Renewable energy – what financial help is available to you? | Guest Post

With leading organisations such as the Energy Saving Trust encouraging households to become more eco-friendly, it’s no wonder that renewable energy has become a topic of importance recently. As domestic bills skyrocket and families struggle to make ends meet, more and more people are looking to make home improvements that’ll lower their outgoings. But if you decide to ‘go green’ what financial help is available to you?
Green Deal Home Improvement Scheme
In recent years, the government has taken many steps to improve the cold and draughty houses dotted around the UK. At the beginning of 2013, for instance, they introduced the Green Deal which encouraged millions of households to take out loans to cover the cost of work such as installing wall insulation or fitting energy-efficient boilers. The loans would then be paid back in instalments making it easier for home-owners to afford such home improvements.
While this scheme had limited success due to high interest rates on loans, it was a new addition to the scheme which made it more popular – the Green Deal Home Improvement Fund. This gave households the option of claiming up to £1,000 for two energy-saving improvements and proved so popular that the scheme abruptly shut a few months later.
Now, there’s a new Green Deal available that’ll help you make energy-saving improvements to your home and find the best ways to pay for them. The type of work carried out will depend on the property in question but examples include insulation (for example cavity wall, solid wall or loft insulation), heating, draught proofing, double glazing or fitting renewable energy sources such as solar panels and heat pumps.
The great thing about this scheme is that you don’t have to be on a low income to qualify (although more help is usually available if you are). Anyone’s entitled to an assessment and while you take out a loan to cover costs, you only pay back what you’re predicted to save on bills each month, so there’s no NET cost. Money can be paid back over 10-25 years and you don’t even pay the loan directly – your firm will do it for you out of your energy bills.
Okay, so with the loan to pay off you might not make big savings initially but you should see improvements down the line as you reduce your carbon footprint and your bills drop. There’s plenty of information online about this government policy, so it’s worth checking it out to see if it’s the right option for you.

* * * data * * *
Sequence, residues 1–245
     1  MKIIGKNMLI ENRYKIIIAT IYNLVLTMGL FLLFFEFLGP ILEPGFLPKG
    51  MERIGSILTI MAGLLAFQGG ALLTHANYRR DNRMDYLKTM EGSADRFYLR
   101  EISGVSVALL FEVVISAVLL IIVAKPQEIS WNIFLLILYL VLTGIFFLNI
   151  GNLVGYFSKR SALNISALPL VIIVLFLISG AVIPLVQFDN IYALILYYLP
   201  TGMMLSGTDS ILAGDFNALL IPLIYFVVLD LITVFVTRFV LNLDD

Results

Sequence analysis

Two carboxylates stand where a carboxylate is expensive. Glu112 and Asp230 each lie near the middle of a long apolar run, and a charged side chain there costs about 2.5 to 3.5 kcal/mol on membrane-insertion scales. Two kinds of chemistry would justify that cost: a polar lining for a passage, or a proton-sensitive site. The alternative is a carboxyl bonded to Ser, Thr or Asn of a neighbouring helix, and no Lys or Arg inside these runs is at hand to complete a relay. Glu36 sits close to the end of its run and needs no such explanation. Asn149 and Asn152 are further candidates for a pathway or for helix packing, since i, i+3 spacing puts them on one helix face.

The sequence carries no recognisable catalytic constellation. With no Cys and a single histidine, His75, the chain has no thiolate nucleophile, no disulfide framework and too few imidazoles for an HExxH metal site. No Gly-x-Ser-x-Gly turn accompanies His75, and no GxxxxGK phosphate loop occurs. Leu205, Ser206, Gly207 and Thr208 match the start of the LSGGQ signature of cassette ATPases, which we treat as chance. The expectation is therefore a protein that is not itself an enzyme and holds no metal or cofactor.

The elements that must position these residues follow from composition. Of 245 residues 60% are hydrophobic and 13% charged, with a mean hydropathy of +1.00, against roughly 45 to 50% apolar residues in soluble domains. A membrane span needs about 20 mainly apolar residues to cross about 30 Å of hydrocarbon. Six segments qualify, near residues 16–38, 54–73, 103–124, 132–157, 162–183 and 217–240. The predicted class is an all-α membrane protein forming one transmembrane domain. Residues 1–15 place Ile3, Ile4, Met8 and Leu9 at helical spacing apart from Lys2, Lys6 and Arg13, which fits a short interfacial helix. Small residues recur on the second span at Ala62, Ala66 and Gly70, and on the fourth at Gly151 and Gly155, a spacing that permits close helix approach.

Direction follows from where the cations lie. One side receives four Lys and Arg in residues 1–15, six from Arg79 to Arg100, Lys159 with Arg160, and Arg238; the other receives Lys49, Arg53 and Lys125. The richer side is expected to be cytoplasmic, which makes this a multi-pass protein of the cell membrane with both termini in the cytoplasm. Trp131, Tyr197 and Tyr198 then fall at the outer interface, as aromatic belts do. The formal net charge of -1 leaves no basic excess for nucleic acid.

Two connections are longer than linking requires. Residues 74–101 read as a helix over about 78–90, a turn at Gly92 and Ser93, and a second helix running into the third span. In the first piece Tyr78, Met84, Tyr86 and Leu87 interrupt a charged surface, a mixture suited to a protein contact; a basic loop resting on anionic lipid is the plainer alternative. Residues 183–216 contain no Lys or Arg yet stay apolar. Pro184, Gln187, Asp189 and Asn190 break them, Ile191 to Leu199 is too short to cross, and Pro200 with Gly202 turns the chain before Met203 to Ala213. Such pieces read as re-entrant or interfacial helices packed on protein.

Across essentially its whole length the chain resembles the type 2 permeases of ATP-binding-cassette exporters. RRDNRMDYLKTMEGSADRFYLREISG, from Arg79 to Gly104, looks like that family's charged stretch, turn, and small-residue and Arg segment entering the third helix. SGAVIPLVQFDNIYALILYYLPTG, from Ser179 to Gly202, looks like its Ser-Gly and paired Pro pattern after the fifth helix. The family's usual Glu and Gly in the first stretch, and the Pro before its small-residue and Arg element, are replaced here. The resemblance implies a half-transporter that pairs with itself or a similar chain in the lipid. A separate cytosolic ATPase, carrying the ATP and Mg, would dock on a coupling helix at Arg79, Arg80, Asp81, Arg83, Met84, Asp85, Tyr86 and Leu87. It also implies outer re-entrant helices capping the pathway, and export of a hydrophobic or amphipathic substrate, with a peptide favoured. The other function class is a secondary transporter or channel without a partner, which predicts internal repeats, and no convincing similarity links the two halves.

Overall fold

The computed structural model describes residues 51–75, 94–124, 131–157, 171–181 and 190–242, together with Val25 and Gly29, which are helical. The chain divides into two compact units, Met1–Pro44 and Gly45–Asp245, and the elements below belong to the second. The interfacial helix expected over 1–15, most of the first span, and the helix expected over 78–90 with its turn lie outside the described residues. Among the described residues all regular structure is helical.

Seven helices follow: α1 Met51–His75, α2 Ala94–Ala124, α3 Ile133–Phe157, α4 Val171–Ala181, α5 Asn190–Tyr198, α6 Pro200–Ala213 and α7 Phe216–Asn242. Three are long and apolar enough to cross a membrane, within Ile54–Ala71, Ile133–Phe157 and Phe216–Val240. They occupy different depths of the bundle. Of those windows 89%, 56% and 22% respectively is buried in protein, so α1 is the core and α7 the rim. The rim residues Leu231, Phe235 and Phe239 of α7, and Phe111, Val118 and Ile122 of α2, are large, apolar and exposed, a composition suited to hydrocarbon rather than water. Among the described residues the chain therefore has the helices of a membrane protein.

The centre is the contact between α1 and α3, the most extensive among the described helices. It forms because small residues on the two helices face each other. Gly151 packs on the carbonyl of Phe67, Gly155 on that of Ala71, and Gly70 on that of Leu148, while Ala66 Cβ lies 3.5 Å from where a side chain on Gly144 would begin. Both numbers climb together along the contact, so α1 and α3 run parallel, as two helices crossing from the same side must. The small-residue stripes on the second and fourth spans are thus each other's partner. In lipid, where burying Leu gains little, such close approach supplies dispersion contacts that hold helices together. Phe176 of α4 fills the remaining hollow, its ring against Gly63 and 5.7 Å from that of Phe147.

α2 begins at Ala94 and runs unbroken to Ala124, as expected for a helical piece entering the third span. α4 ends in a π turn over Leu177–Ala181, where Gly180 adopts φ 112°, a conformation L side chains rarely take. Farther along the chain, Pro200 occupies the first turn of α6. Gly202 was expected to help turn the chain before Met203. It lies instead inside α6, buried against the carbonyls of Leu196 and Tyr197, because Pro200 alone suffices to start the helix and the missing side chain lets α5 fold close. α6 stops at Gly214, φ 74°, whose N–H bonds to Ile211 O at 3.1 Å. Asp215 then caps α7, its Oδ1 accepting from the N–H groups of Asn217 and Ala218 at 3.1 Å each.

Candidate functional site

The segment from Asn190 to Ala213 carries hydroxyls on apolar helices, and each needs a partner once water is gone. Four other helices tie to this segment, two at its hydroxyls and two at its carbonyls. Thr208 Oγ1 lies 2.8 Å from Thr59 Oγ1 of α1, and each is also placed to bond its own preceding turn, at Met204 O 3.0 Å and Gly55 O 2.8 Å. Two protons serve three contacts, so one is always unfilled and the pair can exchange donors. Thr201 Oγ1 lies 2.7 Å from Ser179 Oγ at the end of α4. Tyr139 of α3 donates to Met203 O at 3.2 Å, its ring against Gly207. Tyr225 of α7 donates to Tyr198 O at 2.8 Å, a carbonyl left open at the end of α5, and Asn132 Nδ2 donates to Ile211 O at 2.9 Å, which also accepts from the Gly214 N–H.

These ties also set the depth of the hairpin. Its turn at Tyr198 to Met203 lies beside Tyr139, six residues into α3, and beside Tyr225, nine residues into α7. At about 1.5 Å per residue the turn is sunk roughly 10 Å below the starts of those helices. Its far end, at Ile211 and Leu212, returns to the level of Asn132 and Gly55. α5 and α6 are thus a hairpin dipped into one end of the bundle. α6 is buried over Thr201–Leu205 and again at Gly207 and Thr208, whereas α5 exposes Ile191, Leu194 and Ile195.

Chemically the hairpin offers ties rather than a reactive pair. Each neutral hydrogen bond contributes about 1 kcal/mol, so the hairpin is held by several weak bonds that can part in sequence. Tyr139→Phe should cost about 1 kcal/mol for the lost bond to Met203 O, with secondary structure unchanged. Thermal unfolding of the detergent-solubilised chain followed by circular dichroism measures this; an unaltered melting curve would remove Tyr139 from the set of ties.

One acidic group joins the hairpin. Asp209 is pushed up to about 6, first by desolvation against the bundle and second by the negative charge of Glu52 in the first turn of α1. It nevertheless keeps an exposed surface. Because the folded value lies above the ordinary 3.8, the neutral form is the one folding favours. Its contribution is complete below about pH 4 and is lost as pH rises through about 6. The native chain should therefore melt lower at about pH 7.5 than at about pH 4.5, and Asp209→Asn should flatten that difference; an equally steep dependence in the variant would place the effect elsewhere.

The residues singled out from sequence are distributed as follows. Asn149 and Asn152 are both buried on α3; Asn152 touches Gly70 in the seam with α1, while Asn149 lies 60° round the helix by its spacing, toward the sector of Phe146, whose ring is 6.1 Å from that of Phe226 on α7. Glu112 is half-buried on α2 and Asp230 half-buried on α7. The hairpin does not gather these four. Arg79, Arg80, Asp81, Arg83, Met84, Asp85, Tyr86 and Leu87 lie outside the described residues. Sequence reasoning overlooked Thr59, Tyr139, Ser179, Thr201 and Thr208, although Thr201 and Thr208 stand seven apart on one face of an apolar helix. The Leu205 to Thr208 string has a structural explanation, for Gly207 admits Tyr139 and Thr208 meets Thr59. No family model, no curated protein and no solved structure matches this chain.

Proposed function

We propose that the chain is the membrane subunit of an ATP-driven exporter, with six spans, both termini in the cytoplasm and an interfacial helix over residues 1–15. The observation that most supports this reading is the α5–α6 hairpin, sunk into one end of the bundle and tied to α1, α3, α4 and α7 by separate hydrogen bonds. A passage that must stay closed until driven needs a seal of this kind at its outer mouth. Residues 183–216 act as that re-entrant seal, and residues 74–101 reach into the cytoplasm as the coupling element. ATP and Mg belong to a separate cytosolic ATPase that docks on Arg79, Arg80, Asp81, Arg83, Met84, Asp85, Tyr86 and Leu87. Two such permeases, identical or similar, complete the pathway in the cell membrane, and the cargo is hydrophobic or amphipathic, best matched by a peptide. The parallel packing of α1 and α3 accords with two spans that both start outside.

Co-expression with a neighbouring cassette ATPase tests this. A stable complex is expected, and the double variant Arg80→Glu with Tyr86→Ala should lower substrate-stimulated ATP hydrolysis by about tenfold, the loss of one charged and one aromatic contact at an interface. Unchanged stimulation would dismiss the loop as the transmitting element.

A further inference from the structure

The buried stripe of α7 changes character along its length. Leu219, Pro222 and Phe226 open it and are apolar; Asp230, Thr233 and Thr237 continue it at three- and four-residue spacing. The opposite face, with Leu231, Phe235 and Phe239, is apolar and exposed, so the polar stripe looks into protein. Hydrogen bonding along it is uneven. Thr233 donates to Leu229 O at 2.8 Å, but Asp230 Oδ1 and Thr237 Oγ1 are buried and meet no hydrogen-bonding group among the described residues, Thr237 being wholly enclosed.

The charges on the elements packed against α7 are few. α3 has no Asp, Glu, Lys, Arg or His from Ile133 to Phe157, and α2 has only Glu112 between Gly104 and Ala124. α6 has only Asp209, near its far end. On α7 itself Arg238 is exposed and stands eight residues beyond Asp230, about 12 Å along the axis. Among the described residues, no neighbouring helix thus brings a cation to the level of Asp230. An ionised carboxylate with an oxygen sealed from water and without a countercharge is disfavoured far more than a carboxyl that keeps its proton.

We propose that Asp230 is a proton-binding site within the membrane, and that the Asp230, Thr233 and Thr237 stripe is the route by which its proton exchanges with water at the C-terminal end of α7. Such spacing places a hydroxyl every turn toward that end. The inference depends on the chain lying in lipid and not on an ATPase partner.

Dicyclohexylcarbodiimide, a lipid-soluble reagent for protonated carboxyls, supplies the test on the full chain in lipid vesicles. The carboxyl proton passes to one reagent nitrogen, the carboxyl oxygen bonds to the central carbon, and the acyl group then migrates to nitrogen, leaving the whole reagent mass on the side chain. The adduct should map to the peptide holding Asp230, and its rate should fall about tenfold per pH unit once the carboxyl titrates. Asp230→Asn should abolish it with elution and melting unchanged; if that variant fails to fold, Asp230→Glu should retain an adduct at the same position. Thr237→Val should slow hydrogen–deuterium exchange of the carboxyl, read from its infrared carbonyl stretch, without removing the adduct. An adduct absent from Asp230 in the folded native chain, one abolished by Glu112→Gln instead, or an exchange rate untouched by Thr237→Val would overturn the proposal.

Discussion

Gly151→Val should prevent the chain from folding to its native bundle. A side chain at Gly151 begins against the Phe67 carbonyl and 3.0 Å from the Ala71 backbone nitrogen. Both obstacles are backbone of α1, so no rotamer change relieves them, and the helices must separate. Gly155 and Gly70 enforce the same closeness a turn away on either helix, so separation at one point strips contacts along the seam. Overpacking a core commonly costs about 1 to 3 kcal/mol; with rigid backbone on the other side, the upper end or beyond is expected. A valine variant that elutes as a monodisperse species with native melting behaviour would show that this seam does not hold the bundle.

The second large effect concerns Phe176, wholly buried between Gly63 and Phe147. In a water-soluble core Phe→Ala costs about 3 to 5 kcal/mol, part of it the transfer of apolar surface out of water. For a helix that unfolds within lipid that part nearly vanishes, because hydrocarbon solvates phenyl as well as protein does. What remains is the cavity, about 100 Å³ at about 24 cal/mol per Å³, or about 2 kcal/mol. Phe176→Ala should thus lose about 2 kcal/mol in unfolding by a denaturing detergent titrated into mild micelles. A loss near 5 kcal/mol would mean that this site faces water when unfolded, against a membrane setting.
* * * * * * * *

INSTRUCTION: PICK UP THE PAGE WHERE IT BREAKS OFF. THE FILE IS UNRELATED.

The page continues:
ECO (Energy Company Obligation)
As well as the Green Deal, ECO also provides funding from the big six energy suppliers (British Gas, EDF Energy, E. ON UK, npower, Scottish Power, SSE) to support energy improvements for people on certain benefits, for those in solid wall properties and for households in the most deprived parts of the country. This means that being energy-efficient is not just a rich man’s game and gives everyone a chance of protecting the environment and reducing their bills.
Feed-in Tariffs (FITs)
Feed-in Tariffs are payments made to households or businesses generating their own electricity via renewable sources such as solar panels or wind turbines. Essentially, people are given ongoing financial support for using methods of power that do not contribute to the depletion of natural resources.
Renewable Heat Incentive
If you install an eligible renewable heating system, such as a biomass boiler or heat pump, you could be given regular payments over seven years by the domestic Renewable Heat Incentive.
Finding ways to reduce your outgoings and look after the planet is of paramount importance and with financial help available it’s easier to make energy-efficient changes than you might think.

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